Boston’s rental prices are increasing faster than post-graduate salaries; posing unprecedented financial challenges for young adults who are looking to live in the city. The Metropolitan Area Council reported 435,000 condo units are needed in Boston within the next 25 years to keep up with the increasing demand. Countered with the majority of new supply being high-end renovated high rises and condos that are priced above what young adults deem affordable. This has kept the supply of affordable units’ static, while steadily increasing rental prices drastically.
The total rental payments and the individual’s share of expenses are used to calculate the total financial burden of an apartment. Buying a condo is a great opportunity for a young adult to lower their Effective Monthly Payment (EFP) and build equity in a condo that can become a future income producing property. Low down payments as low as 3-5% present options for young adults, who often do not have the financial resources for a conventional 20% down payment. Leveraging a low down payment can allow a young adult to purchase a condo; lowering their monthly payments with tax deductions.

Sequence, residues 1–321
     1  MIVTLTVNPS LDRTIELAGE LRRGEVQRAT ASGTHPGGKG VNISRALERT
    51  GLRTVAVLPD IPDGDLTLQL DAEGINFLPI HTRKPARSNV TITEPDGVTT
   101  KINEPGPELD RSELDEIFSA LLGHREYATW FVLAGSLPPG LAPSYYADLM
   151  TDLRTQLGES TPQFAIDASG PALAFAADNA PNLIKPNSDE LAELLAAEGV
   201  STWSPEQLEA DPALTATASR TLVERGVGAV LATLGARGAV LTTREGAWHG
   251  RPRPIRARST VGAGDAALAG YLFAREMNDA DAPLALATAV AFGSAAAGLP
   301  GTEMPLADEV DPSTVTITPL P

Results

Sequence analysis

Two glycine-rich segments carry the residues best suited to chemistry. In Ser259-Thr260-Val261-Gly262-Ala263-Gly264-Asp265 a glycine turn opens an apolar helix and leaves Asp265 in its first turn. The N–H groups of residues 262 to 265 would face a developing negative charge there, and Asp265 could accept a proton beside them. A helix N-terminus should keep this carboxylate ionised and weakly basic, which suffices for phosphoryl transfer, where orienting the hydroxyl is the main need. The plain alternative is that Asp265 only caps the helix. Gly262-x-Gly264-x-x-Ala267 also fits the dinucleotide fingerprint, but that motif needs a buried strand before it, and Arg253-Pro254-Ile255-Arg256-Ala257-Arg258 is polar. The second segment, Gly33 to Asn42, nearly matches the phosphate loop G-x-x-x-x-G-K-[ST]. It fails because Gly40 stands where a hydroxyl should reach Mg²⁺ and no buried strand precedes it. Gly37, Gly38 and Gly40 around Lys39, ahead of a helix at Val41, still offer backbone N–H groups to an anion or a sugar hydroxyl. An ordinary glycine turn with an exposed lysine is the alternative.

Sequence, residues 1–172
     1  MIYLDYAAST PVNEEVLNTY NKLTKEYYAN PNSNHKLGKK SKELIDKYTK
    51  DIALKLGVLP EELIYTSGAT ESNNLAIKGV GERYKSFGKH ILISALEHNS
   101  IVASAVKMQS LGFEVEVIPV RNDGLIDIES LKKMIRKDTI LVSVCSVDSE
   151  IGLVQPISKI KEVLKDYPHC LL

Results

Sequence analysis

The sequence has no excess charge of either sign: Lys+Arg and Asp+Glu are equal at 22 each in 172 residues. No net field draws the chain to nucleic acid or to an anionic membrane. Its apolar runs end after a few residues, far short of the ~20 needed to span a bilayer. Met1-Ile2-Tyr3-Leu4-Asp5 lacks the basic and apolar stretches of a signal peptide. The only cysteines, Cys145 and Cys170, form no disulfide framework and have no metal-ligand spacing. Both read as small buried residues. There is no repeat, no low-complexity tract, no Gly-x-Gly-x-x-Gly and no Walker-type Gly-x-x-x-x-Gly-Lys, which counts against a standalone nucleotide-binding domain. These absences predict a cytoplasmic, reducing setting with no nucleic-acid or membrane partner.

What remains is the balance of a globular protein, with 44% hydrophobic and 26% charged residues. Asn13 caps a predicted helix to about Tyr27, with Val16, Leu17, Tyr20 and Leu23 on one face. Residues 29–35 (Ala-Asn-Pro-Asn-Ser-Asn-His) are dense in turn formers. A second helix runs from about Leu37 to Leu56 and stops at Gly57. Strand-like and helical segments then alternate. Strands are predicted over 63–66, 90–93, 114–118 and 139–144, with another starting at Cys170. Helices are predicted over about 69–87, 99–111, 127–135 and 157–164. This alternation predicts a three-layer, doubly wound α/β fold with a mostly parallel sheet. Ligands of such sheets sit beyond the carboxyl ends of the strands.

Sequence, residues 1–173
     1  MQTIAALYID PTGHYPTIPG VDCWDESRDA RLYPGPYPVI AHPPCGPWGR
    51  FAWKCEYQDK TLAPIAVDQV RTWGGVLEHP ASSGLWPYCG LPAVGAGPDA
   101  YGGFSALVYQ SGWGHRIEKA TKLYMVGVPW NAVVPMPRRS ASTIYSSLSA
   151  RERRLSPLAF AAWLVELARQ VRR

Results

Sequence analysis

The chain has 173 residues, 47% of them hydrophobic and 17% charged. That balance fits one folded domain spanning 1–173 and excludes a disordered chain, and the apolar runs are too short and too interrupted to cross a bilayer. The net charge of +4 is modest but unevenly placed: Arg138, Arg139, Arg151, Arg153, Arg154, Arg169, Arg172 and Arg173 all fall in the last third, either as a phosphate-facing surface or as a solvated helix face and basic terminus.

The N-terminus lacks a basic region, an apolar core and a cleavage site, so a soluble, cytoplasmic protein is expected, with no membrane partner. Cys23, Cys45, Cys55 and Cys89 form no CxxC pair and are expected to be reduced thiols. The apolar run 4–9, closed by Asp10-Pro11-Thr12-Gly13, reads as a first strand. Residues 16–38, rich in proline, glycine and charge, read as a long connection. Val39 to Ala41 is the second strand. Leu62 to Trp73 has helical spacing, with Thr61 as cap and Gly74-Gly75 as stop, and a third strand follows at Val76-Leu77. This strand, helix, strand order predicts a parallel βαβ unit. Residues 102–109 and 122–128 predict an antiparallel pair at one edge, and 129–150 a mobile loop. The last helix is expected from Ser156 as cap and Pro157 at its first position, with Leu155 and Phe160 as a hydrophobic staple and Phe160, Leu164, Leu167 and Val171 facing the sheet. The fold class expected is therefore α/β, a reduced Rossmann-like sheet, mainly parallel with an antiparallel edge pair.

Matt was recently paying $2,400 for a two bedroom rental in South Boston with his friend Scott. Matt’s salary of $75,000 netted him $46,000 after taxes because he did not have any deductions to itemize. Matt was able to save $12,000 a year but he knew if he owned a home he would be able to itemize his mortgage interest, real estate taxes, and other deductions that previously did not exceed the standard deduction of $6,100.
Matt teamed up with Scott to purchase a 2 bedroom apartment in South Boston for $425,000. They closed on the condo using a Mass Housing Loan with 3% down and no mortgage insurance. The upfront cost was $20,000 total which included a down payment, first month’s mortgage, home inspection, and other closing costs. The total monthly payments including principal, interest, taxes, and condo fee’s was $2,675, an increase of $275 from their previous rental. However, this increase does not include the tax benefits that they would realize.
The tax benefit of home ownership is why Matt and Scott are able to recognize a lower EFP despite a higher payment. Matt has a higher salary than Scott; therefore Matt is going to itemize all of the deductions while Scott utilizes the standard deduction of $6,100. Matt’s refund was $9,300 higher now itemizing deductions; decreasing the payment by $775 per month to $1,815. The EFP of their rental was $1,200 a month and now they are both recognizing a payment of only $907 a month.
With escalating rents, if they stay in his property for 4 years they can expect to save approximately $30,000 on their monthly living expenses.
If the city needs 435,000 new apartments and there is limited space for growth, Matt and Scott are in a great position. There is ample opportunity; whether they hold or sell their property they can rest easy that they will have strong rental or re-sale value.